The Specter of the Indian

Race, Gender, and Ghosts in American Seances, 1848-1890

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Kathryn Troy
  • Albany, NY: 
    State University of New York Press
    , September
     2017.
     232 pages.
     $85.00.
     Hardcover.
    ISBN
    9781438466095.
     For other formats: Link to Publisher's Website.

Review

Spiritualism has often been relegated to the sidelines of nineteenth-century religious histories. Even when it is considered, emphasis is usually placed on the veracity of mediums’ claims or the role the movement played in the “woman question.” In her creative approach to reconsidering American Spiritualists, Kathryn Troy turns readers’ attention towards the relationship between Indian ghost visitations and the impulse towards social reform. Indian spirits, Troy argues, were central to the development and persistence of American Spiritualism and provided opportunities for the movement’s participants to debate federal Indian policies, while also engaging shifting notions of race and gender.

The Specter of the Indian is organized thematically with chapters addressing the centrality of Indian hauntings to perceptions of Indian policy, the case of Sauk and Fox leader Black Hawk’s recurrent specter, the role of chiefly ghosts in asserting moral progress through gendered terms, the Romantic figure of the Indian maiden in séances, and the relationship between Spiritualists’ ideas about race and their involvement in promoting reform. Two sources are key in Troy’s analysis: the Religio-Philosophical Journal and The Banner of Light, nineteenth-century newspapers that offer an unmatched glimpse into the topics that interested and motivated Spiritualists, even as their movement remained diffuse and decentralized. Accounts of séances themselves also provide essential insights into how Indian spirits were manifested, engaged, and understood by the diverse participants who sought and witnessed their appearance. A key point that the author makes early in the book and returns to throughout is that as ghosts, Indian spirits were not dead or vanished. They were undead presences whose frequent returns worked against prevailing notions of Indian vanishing that dominated American literature and popular culture in the second half of the nineteenth century. Troy asserts that the very return of Indian specters “challenged the rhetoric of vanishing” and that Spiritualist mediums and believers stood apart from their white middle-class peers who presumed that the demise of Native peoples was inevitable. (92) Thus, she argues, they were motivated—even compelled—to advocate federal policy changes designed to establish peace and promote progress and assimilation. To make these claims, Troy resists accepting or denying the actual presence of Indian spirits, choosing instead to take the Spiritualists’ experiences as they described them—a choice that may frustrate readers more inclined to interpret Indian hauntings as a form of “playing Indian” or cultural appropriation.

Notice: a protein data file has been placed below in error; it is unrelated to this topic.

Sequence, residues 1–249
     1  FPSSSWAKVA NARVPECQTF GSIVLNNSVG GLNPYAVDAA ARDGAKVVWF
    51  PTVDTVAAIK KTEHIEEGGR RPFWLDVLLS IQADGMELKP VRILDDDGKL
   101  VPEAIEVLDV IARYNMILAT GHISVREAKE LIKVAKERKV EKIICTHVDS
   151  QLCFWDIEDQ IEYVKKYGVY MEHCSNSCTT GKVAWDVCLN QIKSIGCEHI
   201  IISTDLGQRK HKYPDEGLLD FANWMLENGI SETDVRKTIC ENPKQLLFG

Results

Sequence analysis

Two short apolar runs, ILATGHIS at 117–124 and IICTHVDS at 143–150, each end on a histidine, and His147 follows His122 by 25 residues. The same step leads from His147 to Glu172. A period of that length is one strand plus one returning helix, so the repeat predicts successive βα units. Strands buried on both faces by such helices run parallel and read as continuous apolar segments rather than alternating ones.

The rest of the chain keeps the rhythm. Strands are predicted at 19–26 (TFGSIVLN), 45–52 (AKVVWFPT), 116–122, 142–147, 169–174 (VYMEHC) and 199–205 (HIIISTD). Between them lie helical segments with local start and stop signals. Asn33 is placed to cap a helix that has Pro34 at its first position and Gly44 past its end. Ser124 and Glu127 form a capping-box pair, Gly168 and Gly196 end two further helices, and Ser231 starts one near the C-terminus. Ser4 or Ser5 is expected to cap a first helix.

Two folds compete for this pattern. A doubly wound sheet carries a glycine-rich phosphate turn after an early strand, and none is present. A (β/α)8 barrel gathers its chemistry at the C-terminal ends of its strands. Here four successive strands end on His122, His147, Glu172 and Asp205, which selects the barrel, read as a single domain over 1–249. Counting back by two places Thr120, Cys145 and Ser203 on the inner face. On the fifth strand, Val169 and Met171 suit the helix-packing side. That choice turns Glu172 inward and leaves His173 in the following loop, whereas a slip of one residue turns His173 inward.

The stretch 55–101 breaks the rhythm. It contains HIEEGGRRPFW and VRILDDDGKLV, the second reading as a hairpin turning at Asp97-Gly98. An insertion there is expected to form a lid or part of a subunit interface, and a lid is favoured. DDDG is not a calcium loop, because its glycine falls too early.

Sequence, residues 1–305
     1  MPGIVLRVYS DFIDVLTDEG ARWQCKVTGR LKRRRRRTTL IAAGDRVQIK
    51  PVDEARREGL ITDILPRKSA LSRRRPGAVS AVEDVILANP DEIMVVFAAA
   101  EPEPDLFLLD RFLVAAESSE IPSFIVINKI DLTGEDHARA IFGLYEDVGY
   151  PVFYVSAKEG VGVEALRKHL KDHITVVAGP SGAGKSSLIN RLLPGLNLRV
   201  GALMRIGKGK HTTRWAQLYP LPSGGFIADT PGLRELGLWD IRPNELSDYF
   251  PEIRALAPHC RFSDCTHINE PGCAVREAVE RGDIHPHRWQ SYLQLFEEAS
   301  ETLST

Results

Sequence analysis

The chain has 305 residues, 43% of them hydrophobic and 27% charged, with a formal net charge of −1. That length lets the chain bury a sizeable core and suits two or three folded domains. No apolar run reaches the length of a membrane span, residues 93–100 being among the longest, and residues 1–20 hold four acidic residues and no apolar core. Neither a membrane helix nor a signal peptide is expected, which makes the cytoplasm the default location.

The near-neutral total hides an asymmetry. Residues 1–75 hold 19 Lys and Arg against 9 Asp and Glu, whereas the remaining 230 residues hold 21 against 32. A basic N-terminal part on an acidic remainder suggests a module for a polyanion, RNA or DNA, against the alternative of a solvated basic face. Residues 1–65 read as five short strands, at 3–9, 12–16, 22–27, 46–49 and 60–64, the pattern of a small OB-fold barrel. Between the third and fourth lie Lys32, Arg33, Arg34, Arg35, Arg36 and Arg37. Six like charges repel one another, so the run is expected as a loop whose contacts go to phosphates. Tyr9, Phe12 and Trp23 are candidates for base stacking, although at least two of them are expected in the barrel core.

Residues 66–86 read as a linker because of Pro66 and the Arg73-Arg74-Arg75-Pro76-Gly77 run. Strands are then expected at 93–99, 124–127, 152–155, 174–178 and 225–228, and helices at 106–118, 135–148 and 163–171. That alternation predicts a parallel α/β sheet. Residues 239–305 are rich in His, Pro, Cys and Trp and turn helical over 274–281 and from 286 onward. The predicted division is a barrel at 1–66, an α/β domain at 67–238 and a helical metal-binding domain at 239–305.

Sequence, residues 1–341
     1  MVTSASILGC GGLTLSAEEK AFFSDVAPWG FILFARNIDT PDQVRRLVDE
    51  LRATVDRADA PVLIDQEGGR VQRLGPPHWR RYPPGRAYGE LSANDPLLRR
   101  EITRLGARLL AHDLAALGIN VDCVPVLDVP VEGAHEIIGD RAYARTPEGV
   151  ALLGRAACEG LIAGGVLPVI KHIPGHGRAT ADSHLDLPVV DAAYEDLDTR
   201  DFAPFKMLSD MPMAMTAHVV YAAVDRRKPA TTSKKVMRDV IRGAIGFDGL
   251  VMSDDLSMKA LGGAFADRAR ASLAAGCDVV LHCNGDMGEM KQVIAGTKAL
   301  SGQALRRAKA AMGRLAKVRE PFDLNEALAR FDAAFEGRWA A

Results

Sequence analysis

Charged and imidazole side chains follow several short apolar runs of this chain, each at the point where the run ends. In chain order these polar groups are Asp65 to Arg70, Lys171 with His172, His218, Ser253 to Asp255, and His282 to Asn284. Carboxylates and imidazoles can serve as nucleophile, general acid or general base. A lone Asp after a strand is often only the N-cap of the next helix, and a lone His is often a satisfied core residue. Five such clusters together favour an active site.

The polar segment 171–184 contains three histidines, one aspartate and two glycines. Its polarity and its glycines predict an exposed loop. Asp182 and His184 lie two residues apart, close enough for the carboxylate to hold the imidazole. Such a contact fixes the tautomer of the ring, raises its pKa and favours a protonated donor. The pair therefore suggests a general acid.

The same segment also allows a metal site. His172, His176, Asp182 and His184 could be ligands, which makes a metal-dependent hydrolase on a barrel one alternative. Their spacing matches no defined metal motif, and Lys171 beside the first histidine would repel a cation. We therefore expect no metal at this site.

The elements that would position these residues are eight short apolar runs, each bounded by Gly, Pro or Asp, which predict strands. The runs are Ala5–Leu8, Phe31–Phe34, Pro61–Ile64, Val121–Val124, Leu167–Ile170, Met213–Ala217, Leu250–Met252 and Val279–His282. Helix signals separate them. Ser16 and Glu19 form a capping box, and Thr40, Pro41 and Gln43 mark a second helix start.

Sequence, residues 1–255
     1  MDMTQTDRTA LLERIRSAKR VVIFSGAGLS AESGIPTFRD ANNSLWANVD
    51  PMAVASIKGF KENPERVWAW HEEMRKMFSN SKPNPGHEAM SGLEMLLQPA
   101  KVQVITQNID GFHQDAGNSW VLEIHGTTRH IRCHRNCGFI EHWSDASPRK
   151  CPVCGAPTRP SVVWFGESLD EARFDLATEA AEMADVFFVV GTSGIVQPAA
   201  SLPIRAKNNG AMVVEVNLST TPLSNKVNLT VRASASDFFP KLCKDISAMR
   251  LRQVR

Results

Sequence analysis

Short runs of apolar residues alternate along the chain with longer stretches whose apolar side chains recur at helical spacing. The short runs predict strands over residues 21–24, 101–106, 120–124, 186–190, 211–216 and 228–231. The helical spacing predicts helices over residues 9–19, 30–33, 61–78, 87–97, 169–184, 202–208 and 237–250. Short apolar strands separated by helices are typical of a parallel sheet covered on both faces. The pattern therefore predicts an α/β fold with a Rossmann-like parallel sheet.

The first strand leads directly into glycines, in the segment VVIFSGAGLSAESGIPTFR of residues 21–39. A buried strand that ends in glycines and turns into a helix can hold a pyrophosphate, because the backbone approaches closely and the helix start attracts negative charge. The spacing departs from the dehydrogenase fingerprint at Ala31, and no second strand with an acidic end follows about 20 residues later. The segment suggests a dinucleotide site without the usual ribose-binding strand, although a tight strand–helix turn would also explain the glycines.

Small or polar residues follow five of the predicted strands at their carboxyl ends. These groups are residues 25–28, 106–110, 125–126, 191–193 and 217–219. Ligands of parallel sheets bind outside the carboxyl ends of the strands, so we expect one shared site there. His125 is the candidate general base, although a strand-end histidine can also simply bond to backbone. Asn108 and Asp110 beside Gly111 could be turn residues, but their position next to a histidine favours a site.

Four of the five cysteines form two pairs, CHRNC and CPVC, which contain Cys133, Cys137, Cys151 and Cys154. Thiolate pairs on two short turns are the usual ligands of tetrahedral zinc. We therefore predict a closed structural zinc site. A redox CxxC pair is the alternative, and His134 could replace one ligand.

The book is strongest in its analysis of gender. Troy demonstrates that the appearance of male and female Indian ghosts were instructive to mediums and witnesses largely in terms of amplifying or critiquing prevailing gender norms in Anglo-American society. For instance, chiefly specters increasingly exuded a manhood based on the repudiation rather than the glorification of violence, while Indian maiden ghosts used their innocence to cultivate a sense of feminine sympathy that inspired political action. But the question of Spiritualists’ actual involvement in federal Indian affairs may, in fact, be the book’s weakest point. While Troy aptly shows that massacres, corruption, and misguided policies received copious attention in the above-mentioned periodicals, she only gestures towards how the men and women engaged in Spiritualism actually acted on behalf of living indigenous peoples. As our own age of social media has made clear, writing and reading about justice campaigns is not the same thing as putting one’s own body, life, and livelihood on the line to carry them out. Similarly, readers may be dissatisfied with Troy’s reluctant admission that policies advocated by the Spiritualists (like aggressive assimilation and allotment) did immeasurable harm to the very communities they so fervently claimed to support. Perhaps more sustained attention to the broader context of Protestant northeastern US reformers and their role in implementing disastrous policies would have helped show that, for all their complexity, the Spiritualists were not alone in their self-congratulatory and deeply misguided humanitarianism.

Nevertheless, this is a fascinating, innovative, and important volume. It is written in clear and engaging prose and should find a ready audience among scholars of American religion, social reform, Indian affairs, and popular notions of race and gender during the second half of the nineteenth century.

About the Reviewer(s): 

Angela Pulley Hudson is Professor of History at Texas A&M University.

Date of Review: 
March 8, 2018
About the Author(s)/Editor(s)/Translator(s): 

Kathryn Troy teaches in the department of social sciences and criminal justice at Suffolk County Community College and the department of history, politics, and geography at Farmingdale State College, State University of New York.

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